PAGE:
For businesses to keep up with the competition and respond to the change in consumer demand, they need to let go of outdated interfaces and practices. But before a company can make the digital transformation, it needs to decide how ready they are.
Beyond adapting to new IT systems and equipment, business culture will also be transformed. Not only will leadership need to establish a digital transformation strategy in relation to systems, process, and technology, but it needs to manage any resistance from employees who may worry about being replaced by new technology.
As you prepare for your digital transformation, alleviate the fears of your employees by empowering them with knowledge through updates and training. Your compliance team should also be involved in the early stages of your digital transformation to ensure alignment and keep all departments on the same digital page with regards to conducting business in full compliance with all laws and regulations.
In preparation for the transition, establish where your company is currently and what your goals are. You also have to determine if your organization has the resources and expertise to get you there. There are three main categories that your company is probably currently in:
Legacy system - A legacy system refers to old method technology or an outdated computer system. These systems do not integrate with IoT. And without the ability to connect via IoT, a company with a legacy system will be out of sync with real-time operations. These systems will not be fit to meet the demands of today’s digital environment.
Web-enabled – While not ideal for digital transformations that are data-intensive, web-enabled platforms provide some data interaction. They also have a more user-friendly interface.
Digital ready – Your digital transformation will be hindered if your company doesn’t have a digital-ready culture. Digital-ready cultures are those that are highly innovative and whose decision-making is data-driven. If digital ideas and solution are your default option, then your organization has a digital-first mindset and are, therefore, digital ready.
In preparation for a digital transformation, your company must have a digital-ready culture and systems. One of the crucial first steps towards your digital transformation is deciding the right type of cloud that meets your company’s specific needs. Choosing between public, private, or hybrid will depend on your budget, scalability, and how much control you want to maintain.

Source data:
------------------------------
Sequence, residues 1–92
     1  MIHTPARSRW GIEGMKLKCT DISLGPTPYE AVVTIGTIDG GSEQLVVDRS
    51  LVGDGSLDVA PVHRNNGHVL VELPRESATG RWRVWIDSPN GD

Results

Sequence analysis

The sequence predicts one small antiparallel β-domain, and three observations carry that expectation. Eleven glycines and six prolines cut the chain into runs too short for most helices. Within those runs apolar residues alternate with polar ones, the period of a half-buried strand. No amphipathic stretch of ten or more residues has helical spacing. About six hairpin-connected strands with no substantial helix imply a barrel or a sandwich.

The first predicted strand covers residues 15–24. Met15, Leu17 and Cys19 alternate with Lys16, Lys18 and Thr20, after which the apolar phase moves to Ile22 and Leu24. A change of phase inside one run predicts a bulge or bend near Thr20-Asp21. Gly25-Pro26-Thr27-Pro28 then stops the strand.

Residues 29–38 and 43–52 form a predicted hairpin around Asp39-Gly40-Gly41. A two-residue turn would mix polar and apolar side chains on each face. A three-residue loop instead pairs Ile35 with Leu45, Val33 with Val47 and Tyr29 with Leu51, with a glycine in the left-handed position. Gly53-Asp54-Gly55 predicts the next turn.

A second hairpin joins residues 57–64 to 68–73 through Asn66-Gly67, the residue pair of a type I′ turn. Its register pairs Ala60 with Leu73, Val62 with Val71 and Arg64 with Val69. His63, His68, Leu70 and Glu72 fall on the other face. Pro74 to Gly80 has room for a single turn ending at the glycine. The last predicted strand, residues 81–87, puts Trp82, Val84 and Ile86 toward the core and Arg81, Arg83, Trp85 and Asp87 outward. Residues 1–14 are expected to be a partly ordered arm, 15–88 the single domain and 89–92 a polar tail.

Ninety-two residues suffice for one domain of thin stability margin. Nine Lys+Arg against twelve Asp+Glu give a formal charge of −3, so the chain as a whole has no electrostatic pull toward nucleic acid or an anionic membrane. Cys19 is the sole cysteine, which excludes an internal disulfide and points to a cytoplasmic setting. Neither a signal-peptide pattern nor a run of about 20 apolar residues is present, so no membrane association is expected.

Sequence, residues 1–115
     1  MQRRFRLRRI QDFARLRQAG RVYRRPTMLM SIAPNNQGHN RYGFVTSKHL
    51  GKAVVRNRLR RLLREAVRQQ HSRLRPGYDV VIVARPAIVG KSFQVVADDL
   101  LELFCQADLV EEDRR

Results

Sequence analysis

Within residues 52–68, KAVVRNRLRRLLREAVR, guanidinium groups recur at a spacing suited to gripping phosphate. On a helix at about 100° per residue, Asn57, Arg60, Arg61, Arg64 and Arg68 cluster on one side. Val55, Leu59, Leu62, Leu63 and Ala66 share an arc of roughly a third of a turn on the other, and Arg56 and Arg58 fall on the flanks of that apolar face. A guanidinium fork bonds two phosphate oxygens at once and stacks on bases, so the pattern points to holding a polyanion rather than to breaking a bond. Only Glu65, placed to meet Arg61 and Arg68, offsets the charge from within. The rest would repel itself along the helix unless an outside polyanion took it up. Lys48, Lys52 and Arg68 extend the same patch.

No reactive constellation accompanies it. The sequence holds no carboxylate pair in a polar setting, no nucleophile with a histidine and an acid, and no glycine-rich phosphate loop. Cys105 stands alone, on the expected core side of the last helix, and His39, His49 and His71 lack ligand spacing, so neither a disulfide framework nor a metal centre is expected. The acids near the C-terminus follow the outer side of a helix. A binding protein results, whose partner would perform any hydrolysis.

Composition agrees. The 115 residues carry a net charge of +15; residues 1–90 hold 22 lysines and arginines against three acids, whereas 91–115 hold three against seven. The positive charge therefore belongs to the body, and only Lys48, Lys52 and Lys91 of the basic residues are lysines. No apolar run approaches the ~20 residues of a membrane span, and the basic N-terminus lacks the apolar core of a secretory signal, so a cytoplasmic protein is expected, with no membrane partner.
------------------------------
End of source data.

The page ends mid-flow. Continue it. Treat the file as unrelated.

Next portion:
You will also have some decisions to make on services within the cloud itself such as Software as a service (SaaS), Platform as a Service (PaaS) and Infrastructure as a Service (IaaS). Each comes with their own pros and cons.
The next step is data migration. It’s a chance for you to eliminate the unnecessary data that will only clutter your new systems, slowing down the migration process. Think of data migration as an opportunity to start fresh with only the relevant data you need. Remember that as you migrate to a completely new system, you need to rethink best practices. What worked in the past won’t be as effective.
Remember that adapting to your new system will not happen overnight and means developing a plan that will keep your business running as changes take place. As your company embraces digital transformation, leadership must champion the change to help align employees.
Written by Romeo Elias
Romeo Elias is the President and Chief Executive Officer (CEO) of Intellect, an award winning leader in the SaaS enterprise software industry with a focus on enterprise Quality Management Software and Business Process Management (BPM). Romeo is a visionary executive, thought leader and advocate for business friendly software that requires No Programming and empowers everyone to innovate. Romeo has overseen Intellect's growth from its founding in 2000 to a high growth software company with hundreds of happy customers. Romeo is a patented inventor, entrepreneur advisor, and board member of Intellect. Prior to Intellect, Romeo worked in the consumer electronics space, overseeing the engineering design and development of handheld electronics, and previously was the founder of a web development firm. He received his BS in Mechanical Engineering from the University of California, San Diego and MS in Manufacturing Engineering from UCLA.